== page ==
NEW YORK — Stock prices declined again Friday, and the Dow Jones industrial index edged closer to the depths of its historic fall on Oct. 19, although it trimmed its losses late in the session.
The Dow index, which tumbled 72 points on Thursday, slipped 9.79 to 1,766.74. That left the closely watched index at its lowest point since it plunged more than 500 points to 1,738.41 on Black Monday.
Traders said that while there was no specific reason for the latest slump, a general lack of buying interest prevailed over the market amid lingering doubts about the economy.
"The major investors and players are no longer there," said Larry Wachtel, a market strategist and first vice president at Prudential-Bache Securities.
"The institutional investor has checked out, mutual funds are building up cash to meet redemptions and the smaller investor is nowhere to be seen," Wachtel said.
"The market looked like it was groping for a bottom today," said analyst Michael Metz of Oppenheimer & Co.
"We had a little bit of a narcissistic market today. It was not that concerned with external factors; all eyes were on the market's internal factors," Metz said.
Metz believes that the decline may have concluded the testing of the October lows that many technically oriented analysts have been waiting for.
In the broader market, declining issues led gainers by 11 to 3 on the New York Stock Exchange.
Big Board volume totaled 184.80 million shares, much lower than the 204.16 million in the previous session.
Prices got off to a shaky start from the opening bell following early declines in the dollar.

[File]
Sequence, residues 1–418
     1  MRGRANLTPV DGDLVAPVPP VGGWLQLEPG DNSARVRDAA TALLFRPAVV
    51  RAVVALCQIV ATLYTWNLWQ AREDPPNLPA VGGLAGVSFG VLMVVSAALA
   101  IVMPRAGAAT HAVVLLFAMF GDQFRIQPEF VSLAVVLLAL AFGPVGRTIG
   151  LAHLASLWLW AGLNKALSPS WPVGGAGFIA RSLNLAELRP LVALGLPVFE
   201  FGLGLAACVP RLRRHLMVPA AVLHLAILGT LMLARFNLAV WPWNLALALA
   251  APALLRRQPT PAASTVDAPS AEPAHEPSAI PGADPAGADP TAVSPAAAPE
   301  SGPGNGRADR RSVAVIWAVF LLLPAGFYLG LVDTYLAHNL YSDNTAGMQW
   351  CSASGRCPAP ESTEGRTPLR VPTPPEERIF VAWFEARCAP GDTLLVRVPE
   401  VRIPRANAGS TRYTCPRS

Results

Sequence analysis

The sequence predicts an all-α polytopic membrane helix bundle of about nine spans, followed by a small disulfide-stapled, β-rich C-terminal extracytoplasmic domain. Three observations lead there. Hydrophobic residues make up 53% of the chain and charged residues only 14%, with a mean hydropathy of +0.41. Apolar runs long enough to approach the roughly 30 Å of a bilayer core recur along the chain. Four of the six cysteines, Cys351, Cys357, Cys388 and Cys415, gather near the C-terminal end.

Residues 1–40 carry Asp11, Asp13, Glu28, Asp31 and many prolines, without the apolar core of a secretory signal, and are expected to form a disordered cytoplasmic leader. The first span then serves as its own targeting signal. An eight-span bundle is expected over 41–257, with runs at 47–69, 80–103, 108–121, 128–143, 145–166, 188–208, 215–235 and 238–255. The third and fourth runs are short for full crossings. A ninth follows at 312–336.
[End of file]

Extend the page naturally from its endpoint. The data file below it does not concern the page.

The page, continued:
Blue chips rallied by late morning but quickly lost ground as buying interest waned amid continuing uncertainty over key market factors such as the strength of the dollar and the economy.
The Dow index remained sharply lower for most of the session until right before the close, when some late buying based on technical factors allowed the market to cut some of its losses.
Analysts said the market was still reacting to Thursday's disappointing sales reports from the nation's leading retailers and to worries about the government's attempts to cut the massive U.S. trade and budget deficits.
Market participants tended to ignore the Labor Department's report that unemployment fell by 0.1 percentage point to 5.9% in November.
"It's fear and greed that moves markets," said A. C. Moore, a market analyst for Argus Research. Among active blue chips, International Business Machines rose 1 to 107 3/8, American Telephone & Telegraph was unchanged at 26, Eastman Kodak was down to 44 and General Electric gained 1/8 to 40.
Large blocks of 10,000 or more shares traded on the NYSE totaled 3,241, compared to previous day's 3,092.
Nationwide turnover in NYSE-listed issues, including trades in those stocks on regional exchanges and in the over-the-counter market, totaled 217.07 million shares.
The NYSE's composite index fell 1.10 to 125.91.
Standard & Poor's index of 400 industrials lost 1.43 to 255.43, and S&P's 500-stock composite index was off 1.29 to 223.92.